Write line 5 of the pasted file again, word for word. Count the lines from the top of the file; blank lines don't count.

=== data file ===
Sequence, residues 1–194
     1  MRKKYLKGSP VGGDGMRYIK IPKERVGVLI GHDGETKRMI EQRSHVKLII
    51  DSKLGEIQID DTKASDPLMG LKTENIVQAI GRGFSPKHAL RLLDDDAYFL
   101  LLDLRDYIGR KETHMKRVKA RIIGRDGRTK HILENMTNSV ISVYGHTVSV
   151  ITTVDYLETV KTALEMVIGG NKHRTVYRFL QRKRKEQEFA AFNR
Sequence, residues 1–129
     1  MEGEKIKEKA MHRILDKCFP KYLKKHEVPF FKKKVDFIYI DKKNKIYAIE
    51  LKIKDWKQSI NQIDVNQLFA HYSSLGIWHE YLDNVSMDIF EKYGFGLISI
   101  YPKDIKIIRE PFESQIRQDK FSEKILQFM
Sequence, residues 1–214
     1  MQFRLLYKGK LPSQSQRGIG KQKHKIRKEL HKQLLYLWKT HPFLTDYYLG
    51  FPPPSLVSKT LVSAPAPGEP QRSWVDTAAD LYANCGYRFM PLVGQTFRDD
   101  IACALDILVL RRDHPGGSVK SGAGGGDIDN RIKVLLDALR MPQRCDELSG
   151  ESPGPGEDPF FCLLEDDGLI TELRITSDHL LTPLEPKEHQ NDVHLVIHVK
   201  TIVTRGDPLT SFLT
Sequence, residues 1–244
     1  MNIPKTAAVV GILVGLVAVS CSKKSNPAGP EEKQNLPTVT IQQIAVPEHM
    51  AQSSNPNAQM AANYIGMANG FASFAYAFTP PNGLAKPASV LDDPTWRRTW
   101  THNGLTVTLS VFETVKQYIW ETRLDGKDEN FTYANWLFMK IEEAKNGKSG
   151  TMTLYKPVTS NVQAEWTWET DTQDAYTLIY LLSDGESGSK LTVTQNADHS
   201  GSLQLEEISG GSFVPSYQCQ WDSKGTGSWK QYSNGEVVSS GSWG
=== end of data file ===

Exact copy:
   151  ITTVDYLETV KTALEMVIGG NKHRTVYRFL QRKRKEQEFA AFNR